Sesame Place and other local businesses could expand their workforce by hiring youth, The Wall Street Journal reported, as teenagers are looking to jump into the job market, anticipating higher pay and better hours.

Many teenagers don’t have the same view of summer work as their parents’ generation. Extracurricular activities, unpaid internships, and volunteer opportunities have replaced work in the lives of some young people.

But there is some good news for would-be employers this season.

According to government statistics, teenagers are now working in more significant numbers than before the 2008-09 financial crisis. These teenage workers have become valuable in the retail, hospitality, and tourism industries, where many adults left these jobs behind during the pandemic.

The Bureau of Labor Statistics reports the unemployment rate among 16- to 19-year-old workers was 10.2 percent in April, just short of the 68-year low of 9.6 percent in May last year. The federal data show about a third of U.S. teenagers in that age group are now in the workforce.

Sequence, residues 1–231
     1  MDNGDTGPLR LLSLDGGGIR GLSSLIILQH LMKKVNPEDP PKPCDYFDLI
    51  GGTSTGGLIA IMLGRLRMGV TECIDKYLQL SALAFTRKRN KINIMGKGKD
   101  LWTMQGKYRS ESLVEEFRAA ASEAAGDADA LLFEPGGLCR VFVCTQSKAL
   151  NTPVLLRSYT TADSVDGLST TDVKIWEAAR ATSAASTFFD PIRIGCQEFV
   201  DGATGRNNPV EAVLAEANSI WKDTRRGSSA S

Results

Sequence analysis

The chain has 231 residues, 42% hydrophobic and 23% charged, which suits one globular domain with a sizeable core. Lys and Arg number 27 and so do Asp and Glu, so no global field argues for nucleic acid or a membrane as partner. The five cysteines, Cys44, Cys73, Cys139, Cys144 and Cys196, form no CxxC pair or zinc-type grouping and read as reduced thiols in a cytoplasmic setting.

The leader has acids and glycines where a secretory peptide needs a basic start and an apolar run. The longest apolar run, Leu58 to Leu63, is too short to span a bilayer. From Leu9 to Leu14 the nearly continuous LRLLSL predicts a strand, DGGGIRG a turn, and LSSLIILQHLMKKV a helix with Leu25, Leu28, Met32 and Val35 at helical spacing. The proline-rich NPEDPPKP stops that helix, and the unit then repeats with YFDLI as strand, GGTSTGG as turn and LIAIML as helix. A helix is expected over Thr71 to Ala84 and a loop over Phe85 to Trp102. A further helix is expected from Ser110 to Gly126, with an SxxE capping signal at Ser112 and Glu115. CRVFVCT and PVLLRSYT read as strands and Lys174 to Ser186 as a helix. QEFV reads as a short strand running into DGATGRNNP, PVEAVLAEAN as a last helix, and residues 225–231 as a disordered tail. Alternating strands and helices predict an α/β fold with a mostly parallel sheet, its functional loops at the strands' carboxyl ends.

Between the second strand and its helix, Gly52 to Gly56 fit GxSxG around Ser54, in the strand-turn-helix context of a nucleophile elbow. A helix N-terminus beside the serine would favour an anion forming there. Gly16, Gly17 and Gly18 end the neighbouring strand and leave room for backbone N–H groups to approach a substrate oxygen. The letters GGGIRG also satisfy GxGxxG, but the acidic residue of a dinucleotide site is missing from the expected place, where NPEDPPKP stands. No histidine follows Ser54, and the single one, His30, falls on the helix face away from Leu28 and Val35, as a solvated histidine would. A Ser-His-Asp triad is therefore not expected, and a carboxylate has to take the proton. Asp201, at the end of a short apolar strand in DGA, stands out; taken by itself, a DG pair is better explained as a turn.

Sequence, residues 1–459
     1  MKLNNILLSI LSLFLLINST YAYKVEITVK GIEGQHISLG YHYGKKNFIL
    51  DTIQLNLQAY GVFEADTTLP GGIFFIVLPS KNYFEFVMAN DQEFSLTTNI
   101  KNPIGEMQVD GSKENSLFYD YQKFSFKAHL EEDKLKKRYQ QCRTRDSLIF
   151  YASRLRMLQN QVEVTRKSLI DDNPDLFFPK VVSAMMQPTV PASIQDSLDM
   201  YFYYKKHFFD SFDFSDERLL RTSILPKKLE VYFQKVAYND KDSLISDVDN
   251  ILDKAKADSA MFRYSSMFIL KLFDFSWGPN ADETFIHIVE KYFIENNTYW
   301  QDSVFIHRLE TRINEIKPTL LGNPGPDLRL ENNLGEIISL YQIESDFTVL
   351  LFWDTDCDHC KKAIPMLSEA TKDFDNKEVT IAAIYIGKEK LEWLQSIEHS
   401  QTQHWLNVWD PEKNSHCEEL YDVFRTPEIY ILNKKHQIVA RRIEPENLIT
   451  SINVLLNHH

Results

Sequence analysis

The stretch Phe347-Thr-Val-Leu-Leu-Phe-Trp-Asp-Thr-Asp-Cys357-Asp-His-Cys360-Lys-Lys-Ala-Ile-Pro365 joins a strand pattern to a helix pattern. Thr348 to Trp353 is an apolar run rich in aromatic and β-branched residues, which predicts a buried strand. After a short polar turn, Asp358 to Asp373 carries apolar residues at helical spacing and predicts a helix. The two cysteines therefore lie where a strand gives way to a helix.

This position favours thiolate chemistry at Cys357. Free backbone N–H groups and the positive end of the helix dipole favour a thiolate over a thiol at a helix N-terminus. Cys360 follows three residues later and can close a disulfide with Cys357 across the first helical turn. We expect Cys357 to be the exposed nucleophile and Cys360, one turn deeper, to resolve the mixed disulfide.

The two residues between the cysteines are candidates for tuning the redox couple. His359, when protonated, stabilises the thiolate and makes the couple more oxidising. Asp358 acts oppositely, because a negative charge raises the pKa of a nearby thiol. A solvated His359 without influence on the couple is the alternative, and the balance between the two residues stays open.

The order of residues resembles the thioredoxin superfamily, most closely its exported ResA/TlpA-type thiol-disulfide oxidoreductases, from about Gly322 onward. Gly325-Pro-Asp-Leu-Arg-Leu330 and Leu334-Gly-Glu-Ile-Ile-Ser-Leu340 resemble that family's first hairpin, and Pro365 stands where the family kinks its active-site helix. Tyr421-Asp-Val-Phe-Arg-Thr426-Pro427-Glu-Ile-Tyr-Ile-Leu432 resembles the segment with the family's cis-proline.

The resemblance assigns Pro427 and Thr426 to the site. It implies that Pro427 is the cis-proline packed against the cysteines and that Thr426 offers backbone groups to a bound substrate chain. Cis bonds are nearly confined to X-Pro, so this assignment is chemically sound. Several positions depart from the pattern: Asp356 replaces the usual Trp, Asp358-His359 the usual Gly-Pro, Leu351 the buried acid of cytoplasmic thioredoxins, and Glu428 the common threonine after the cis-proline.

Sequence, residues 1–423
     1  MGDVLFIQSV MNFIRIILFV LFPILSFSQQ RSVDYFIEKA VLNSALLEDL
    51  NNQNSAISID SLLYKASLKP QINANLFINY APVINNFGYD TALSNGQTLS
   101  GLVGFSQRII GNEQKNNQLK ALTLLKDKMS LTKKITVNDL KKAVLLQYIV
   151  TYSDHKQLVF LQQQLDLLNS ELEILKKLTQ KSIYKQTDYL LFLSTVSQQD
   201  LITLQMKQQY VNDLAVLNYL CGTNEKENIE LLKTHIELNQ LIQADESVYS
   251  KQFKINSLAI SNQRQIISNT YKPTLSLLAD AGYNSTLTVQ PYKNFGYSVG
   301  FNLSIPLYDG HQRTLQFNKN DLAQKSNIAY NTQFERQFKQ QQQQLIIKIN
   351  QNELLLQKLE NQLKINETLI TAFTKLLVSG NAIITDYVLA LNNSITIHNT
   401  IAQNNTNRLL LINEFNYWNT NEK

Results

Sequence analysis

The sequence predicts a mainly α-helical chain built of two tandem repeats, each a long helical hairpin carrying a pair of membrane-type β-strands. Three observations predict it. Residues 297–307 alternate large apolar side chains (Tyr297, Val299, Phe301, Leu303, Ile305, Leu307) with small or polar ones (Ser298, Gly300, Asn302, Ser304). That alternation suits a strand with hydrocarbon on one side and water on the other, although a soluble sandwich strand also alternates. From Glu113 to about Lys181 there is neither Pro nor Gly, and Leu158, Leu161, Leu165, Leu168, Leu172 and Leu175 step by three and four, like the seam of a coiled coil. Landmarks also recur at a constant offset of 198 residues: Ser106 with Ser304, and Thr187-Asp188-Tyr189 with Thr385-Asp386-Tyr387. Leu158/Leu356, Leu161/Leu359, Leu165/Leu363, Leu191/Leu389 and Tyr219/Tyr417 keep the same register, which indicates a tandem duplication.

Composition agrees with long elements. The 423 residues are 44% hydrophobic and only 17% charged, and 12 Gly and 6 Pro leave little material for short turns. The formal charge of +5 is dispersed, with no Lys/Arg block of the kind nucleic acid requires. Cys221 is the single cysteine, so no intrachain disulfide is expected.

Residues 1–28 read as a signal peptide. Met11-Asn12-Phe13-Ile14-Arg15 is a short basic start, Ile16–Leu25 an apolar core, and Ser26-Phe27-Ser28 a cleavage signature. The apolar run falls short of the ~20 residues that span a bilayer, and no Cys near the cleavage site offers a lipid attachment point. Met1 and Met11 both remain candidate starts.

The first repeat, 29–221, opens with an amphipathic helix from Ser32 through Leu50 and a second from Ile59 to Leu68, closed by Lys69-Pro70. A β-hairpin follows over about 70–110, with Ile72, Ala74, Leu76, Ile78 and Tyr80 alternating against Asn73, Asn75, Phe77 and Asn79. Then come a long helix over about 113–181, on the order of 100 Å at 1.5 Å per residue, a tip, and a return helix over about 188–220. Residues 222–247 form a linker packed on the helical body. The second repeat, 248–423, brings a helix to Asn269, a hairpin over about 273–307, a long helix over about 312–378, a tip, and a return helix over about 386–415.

If these trends continue, many businesses throughout the Delaware Valley should be in good shape for this upcoming season.

In Delaware County, PA CareerLink Delaware County, in partnership with Delaware County Workforce Development, hosted two job fairs recently hoping to match job seekers and employers.

Both job fairs focused on post-graduation and summer opportunities while featuring more than 30 businesses from the Delaware County area. They aspired to fill hundreds of part-time, full-time, and seasonal positions.

Representatives from educational institutions, the hospitality industry, restaurants, retirement communities, summer camps, and trade unions attended. Various positions at both fairs offered competitive employee benefits as well as opportunities for advancement and gaining experience in the workforce.